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Milestone Returns and Truth & Justice are Today’s New Digital Release Highlights

There’s four new digital comic relases on comiXology. Get new comics from Harlequin and DC Comics. You can get shopping now or check out the individual releases below.

Milestone Returns (2021-) #0

Written by Reginald Hudlin
Pencils ChrisCross, Denys Cowan, Jim Lee
Inks Juan Castro, Nikolas Draper-Ivey, Bill Sienkiewicz
Colored by Nikolas Draper-Ivey, Chris Sotomayor
Cover by Denys Cowan
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At long last – the return of the legendary Milestone Comics imprint has kicked into high gear! This jumping-on point one-shot features twenty-four all-new pages chronicling the events of the Big Bang – the police-brutality protest gone wrong that changed the face of the city of Dakota forever, by unleashing a wave of superpowers across its population! As the world watches, a bullied teenager will become the hero known as STATIC… a framed scientist will go on the run as the superweapon HARDWARE… and a stranded alien will meet an ambitious young woman who will transform his life, and remake the pair as the all-powerful ICON & ROCKET!

Also included is the 17-page primer story originally released during the world-famous DC FanDome event, further expanding on our heroes’ origins and where they’re going next… and setting up an entire world of allies, enemies, and surprises!

The original Milestone changed the face of superhero comics forever, introducing the industry to a wave of Black talent who still shape the conversation… and the new Milestone intends to raise the bar! Get on board here!

Milestone Returns (2021-) #0

Truth & Justice (2021-) #8

Written by Danny Lore
Pencils Ray-Anthony Height, Adriana Melo
Inks Ray-Anthony Height, Joe Prado
Colored by Wil Quintana
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Save Yourself Part 2 – John Constantine and Papa Midnite have a long and strained relationship with each other and their past is about to catch up with them!

Truth & Justice (2021-) #8

Act Of Betrayal

Written by Sara Craven
Art by Miho Tomoi
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Laura, a chef, is hurriedly cooking a lunch to entertain her uncle’s business client and soon discovers that the client’s new president is her ex-husband, Jason. How did an unsuccessful artist become the president of a big company? When the memories of his betrayal and her ill-fated marriage come back to haunt her, Laura flees. But her uncle pleads with her to forget about the past for the sake of his troubled business. Is there more to the story of her tragic marriage than Laura is aware of?

Act Of Betrayal

Ttrahison

Written by Charlotte Lamb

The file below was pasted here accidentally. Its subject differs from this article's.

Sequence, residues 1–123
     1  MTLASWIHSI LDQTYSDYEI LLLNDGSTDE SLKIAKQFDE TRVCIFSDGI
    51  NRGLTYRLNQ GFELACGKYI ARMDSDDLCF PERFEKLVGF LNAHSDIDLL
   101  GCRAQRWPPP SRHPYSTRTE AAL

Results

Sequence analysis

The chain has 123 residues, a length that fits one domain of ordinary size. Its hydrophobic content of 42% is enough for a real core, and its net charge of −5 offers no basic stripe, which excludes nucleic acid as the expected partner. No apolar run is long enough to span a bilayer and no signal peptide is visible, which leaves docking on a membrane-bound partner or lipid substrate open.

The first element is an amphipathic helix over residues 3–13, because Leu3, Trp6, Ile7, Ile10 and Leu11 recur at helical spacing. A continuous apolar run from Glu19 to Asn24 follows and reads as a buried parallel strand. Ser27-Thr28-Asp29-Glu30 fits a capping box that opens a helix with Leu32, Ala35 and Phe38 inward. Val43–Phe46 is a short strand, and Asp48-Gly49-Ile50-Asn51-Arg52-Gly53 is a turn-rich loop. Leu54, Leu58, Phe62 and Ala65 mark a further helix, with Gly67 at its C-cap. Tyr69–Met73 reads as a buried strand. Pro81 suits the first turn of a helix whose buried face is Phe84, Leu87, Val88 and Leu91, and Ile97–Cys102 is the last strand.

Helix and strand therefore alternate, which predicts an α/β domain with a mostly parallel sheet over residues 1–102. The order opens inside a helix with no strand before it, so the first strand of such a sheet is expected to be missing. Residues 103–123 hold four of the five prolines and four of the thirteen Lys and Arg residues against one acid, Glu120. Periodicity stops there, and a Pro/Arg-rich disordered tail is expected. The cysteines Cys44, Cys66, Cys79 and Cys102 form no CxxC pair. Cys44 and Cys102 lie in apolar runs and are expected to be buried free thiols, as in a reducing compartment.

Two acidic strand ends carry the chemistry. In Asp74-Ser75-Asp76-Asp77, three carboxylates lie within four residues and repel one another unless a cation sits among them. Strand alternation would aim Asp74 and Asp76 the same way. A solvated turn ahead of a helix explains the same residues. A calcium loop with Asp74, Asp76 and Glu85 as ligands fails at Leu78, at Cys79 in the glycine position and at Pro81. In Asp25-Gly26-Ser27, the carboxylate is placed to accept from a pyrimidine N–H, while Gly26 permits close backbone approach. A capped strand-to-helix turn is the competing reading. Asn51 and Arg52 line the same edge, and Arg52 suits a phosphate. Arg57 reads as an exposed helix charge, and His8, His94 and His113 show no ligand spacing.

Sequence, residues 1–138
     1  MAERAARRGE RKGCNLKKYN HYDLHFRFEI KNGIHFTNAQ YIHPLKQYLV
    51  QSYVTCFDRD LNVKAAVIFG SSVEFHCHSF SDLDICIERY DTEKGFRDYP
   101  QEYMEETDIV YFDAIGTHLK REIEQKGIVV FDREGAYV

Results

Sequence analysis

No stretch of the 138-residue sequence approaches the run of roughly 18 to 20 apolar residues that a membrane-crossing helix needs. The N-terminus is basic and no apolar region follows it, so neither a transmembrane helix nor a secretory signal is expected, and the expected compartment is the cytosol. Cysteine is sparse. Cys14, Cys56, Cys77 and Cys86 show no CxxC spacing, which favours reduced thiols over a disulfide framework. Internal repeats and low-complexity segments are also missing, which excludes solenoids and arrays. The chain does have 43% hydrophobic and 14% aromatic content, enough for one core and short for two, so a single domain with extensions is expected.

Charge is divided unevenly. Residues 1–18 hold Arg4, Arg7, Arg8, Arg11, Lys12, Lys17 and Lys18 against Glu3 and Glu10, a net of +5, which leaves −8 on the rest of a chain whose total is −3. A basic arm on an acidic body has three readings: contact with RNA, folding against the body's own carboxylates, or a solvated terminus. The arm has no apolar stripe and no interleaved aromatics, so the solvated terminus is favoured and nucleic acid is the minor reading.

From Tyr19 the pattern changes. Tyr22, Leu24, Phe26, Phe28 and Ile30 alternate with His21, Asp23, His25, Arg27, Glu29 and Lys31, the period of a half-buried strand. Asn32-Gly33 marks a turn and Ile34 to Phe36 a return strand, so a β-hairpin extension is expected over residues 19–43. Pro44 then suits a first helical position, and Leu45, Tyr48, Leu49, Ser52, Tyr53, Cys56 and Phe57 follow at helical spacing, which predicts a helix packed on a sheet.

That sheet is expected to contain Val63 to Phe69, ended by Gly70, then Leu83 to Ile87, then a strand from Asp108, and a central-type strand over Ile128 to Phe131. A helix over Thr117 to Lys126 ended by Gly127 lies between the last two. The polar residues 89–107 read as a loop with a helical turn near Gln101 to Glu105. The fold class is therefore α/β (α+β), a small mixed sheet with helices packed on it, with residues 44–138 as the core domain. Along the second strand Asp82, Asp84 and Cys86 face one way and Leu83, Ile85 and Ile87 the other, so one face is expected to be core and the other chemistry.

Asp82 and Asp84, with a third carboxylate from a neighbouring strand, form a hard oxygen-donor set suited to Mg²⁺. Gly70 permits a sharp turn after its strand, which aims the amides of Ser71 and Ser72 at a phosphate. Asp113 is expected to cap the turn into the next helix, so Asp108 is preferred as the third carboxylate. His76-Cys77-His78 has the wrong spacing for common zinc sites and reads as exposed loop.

Art by Kuremi Hazama
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Elle se réveille dans une magnifique maison en bord de mer, un homme qu’elle n’a jamais vu est endormi juste à côté d’elle ! Elle n’arrive pas à se souvenir comment elle a pu atterrir ici et elle réalise peu à peu qu’elle a perdu la mémoire. Alors qu’elle prend conscience de son malheur, l’homme à ses côtés lui explique qu’il est Muir Igram, le propriétaire de l’hôtel dans lequel elle se trouve, et qu’il souhaitait l’aider quand il l’a vue allongée sur la plage, inconsciente. Acceptant son aide, elle travaille pour lui en tant que secrétaire, mais au fur et à mesure, elle commence à se dire qu’elle ne retrouvera peut-être plus jamais la mémoire…

Ttrahison

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Review: Dark Nights: Metal Infinite Hour Exxxtreme!

Dark Nights: Death Metal Infinite Hour Exxxtreme!

Dark Nights: Death Metal has been a mixed bag of an event. Often, the one-shot tie-ins have been better than the main series. They’ve also been vital to the main story. The one-shots have filled in gaps fleshing out key moments not taking place in the main series but referenced there. Dark Nights: Death Metal Infinite Hour Exxxtreme! is Lobo’s mission in the event. Hired by Lex Luthor, Lobo is tasked with obtaining Death Metal which can remake the universe. Made up of a trio of stories, Dark Nights: Death Metal Infinite Hour Exxxtreme! is a flimsy one-shot. In the end, it’s a comic that’s neither exciting, interesting, or funny.

Frank Tieri kicks off the first story “Part I: The Batman Who Frags“. In a drawn out sequence, Lobo bounces between trying to drink, capture a bounty, and also tangles with the Lobo version of Batman, The Batman Who Frags. Tieri is joined by artist Tyler Kirkham, colorist Arif Prinato, and letterer Dave Sharpe. As has hampered some of Dark Nights: Death Metal, the story feels like it’s more focused on introducing the Lobo Batman than actually getting the story going. With a distraction of a bounty to bring in, some fights and events that are a bit choppy, the kick-off never quite makes sense in its narrative. Why did The Batman Who Frags show up? How did he find Lobo? It’s a segment that kicks off a series of events rather than a flowing narrative.